Entertainment :: Culture

Hostess Bankruptcy: Of Twinkie Defense, Twinkies & Twinks

by Steve Weinstein
Contributor
Friday Jan 20, 2012
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Hostess, the huge national bakery Hostess is filing for bankruptcy. The company is apparently out of cash and out of options.

The company is hoping to cut costs, especially labor. For decades, the brand has become as iconic as Kodak. Oops -- scratch that: Kodak is also filing for bankruptcy. OK General Motors. American Airlines. You get the idea.


Junk Food Par Excellence

The company was built on a remarkable business plan: mass marketing of remarkably real-seeming ingestible batches of things resembling food: Twinkies, Sno Balls and Wonder Bread.


Revisiting the Twinkie Defense

The demise has given rise to cutesy headlines, such as this one in a New Jersey newspaper: "Hostess files for bankruptcy with no Twinkie defense." There have also been journalists who have used the news peg to revisit the original use of Twinkie defense.

The New York Times’ Daniel Meyer
wrote in a recent column, In 1978 we discovered, above all, that Twinkies were a viable defense for murder."

Well, not quite. As everyone knows, on Nov. 27, 1978, San Francisco Supervisor Dan White, who had resigned, wanted to be reinstated and was blocked by fellow supervisor Harvey Milk, killed Milk and Mayor George Moscone in City Hall.

In the sensational 1979 trial, White’s lawyers maintained that he had been depressed and had gone from a diet of health food to junk food. White was convicted of involuntary manslaughter, which many considered a slap on the wrist.

In vehement protest, gay protesters poured into the streets that night. The crowd caused huge amounts of property damage and became known as the White Night Riots.

But, as Wikipedia notes, Twinkies were never mentioned during the trial, "nor did the defense ever claim that White was on a sugar rush and committed the murders as a result."

The reporter who coined the term "Twinkie defense" is lost in controversy but a good candidate is the former San Francisco Chronicle columnist Herb Caen.

Whoever did, the legal argument entered American jurisprudence under the term "diminished capacity." It was so controversial that California voters passed Proposition 8 in 1982 that abolished diminished capacity in the Golden State.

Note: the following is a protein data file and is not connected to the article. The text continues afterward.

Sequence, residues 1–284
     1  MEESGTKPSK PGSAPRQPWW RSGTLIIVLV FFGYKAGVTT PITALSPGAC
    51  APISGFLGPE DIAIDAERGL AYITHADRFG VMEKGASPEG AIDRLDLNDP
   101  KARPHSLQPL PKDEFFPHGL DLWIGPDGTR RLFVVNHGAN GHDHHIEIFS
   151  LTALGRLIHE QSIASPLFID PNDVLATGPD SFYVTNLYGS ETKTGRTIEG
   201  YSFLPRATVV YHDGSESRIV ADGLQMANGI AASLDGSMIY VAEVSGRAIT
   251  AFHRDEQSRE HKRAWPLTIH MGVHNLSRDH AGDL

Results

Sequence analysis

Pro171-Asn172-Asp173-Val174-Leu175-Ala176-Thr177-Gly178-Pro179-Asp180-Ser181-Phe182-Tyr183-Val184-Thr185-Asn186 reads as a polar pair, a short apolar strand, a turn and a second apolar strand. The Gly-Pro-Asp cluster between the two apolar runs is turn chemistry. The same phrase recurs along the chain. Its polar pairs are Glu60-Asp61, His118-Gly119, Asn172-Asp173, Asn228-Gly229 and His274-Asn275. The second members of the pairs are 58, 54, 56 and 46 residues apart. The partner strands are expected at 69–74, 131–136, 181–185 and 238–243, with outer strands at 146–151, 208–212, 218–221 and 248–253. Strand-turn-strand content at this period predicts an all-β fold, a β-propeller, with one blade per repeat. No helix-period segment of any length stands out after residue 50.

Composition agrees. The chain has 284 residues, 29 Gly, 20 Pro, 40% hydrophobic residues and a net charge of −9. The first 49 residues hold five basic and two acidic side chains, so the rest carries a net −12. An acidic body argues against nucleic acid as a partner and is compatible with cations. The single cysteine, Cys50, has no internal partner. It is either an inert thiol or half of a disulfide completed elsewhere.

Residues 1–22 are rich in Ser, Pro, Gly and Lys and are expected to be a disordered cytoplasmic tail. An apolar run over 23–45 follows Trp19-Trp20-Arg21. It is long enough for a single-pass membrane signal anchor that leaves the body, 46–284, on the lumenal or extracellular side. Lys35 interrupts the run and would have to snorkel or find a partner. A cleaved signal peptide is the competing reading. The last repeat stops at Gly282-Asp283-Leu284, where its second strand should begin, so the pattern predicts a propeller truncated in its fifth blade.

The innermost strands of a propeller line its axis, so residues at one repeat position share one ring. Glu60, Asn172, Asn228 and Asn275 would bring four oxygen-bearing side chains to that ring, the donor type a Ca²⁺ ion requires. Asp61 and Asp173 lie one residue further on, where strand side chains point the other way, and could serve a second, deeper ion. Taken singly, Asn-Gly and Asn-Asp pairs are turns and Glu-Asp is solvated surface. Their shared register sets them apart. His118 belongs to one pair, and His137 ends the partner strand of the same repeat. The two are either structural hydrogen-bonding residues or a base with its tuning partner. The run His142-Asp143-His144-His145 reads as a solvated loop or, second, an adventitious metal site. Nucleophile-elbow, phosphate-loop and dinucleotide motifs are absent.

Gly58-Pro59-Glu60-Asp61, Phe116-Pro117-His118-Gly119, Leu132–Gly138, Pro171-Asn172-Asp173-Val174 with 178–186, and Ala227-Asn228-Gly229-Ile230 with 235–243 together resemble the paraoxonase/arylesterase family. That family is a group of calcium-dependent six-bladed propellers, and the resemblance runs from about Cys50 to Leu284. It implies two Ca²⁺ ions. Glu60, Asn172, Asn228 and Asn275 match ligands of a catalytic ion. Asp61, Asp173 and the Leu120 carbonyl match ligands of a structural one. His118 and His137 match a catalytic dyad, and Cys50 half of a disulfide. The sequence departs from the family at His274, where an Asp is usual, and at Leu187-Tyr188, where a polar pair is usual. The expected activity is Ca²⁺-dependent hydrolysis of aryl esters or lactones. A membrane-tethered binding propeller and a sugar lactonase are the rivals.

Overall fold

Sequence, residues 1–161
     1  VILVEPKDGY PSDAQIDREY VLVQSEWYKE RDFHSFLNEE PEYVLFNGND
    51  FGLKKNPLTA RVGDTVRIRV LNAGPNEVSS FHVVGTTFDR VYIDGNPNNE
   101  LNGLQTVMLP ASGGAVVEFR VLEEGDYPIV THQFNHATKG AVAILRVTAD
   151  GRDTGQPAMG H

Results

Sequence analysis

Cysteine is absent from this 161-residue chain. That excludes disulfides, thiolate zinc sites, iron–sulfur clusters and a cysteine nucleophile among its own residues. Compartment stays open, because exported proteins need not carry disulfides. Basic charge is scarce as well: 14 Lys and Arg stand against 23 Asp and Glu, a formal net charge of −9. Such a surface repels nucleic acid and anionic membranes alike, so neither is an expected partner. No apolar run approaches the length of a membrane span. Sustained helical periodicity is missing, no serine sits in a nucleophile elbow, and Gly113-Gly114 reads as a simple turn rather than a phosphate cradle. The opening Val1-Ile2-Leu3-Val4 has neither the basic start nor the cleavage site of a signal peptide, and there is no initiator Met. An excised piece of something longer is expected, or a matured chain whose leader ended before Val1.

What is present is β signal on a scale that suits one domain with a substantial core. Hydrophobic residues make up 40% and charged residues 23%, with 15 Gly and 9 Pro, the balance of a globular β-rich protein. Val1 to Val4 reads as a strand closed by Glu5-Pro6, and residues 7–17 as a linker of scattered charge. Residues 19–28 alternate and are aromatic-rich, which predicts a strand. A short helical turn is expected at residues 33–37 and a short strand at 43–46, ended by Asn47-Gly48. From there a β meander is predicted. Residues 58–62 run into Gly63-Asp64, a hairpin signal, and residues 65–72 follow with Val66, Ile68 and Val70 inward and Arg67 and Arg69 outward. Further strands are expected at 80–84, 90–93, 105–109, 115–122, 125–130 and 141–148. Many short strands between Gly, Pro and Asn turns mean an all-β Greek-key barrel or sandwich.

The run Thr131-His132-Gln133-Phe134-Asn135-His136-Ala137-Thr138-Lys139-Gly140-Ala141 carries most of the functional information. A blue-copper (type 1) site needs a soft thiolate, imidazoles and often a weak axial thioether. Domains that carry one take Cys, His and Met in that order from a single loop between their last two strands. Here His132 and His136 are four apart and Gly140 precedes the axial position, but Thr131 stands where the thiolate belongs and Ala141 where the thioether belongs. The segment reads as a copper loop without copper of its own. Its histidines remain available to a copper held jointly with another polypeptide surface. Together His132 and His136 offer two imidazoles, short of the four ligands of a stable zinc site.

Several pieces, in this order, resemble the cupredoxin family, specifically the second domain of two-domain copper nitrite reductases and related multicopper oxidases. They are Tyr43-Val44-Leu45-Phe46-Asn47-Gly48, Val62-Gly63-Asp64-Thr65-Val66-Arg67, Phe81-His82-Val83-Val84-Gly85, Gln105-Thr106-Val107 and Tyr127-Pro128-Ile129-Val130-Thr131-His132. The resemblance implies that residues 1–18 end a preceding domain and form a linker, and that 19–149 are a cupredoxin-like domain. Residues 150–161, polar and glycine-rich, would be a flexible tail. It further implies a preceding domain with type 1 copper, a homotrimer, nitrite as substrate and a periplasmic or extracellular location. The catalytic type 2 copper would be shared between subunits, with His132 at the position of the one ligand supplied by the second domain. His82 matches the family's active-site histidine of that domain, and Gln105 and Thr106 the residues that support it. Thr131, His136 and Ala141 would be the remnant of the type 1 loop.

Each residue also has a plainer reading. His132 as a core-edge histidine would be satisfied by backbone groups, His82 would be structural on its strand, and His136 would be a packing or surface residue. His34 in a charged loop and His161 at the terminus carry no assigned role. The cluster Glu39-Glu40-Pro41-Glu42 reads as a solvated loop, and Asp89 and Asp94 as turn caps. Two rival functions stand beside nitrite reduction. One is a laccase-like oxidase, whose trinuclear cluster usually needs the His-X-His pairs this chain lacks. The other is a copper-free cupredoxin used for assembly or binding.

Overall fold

The Twink

Which brings us to the Twink. As readers of this site probably already know, a "twink" is one of those derogatory-but-just-kidding terms gay men like throw around.

As the ever-invaluable Wikipedia defines it, a twink describes " a young or young-looking gay man (18-23 age category) with a slender, ectomorph build, little or no body hair, and no facial hair." The article cites the term "twinkle-toes" for an effeminate man.

But Wikipedia also refers to the dessert snack: "The term’s namesake is the ’golden-colored phallic-shaped snack cake’ Hostess Twinkie, commonly regarded as the quintessential junk food: ’little nutritional value, sweet to the taste and creme-filled.’"

Twinks and twinkles are thus fun to consume but of little real nutritive value. Also, Wikipedia helpfully notes, a twink is "memorable for his outer packaging," but not inner depth.

JustUsBoys.com adds that the yellowness of the food-like Hostess item connotes blondness, as in stupidity -- "the gay equivalent of ’bimbo.’"


The origins of how "Twinkie" came to be used for certain gay men is as lost to the mists of time as "tina" for crystal meth. But as Hostess fights for its life, it’s doubtful that another term will take its place. Somehow, "lemon sherbet" just doesn’t have the same ring.

Steve Weinstein has been a regular correspondent for the International Herald Tribune, the Advocate, the Village Voice and Out. He has been covering the AIDS crisis since the early ’80s, when he began his career. He is the author of "The Q Guide to Fire Island" (Alyson, 2007).

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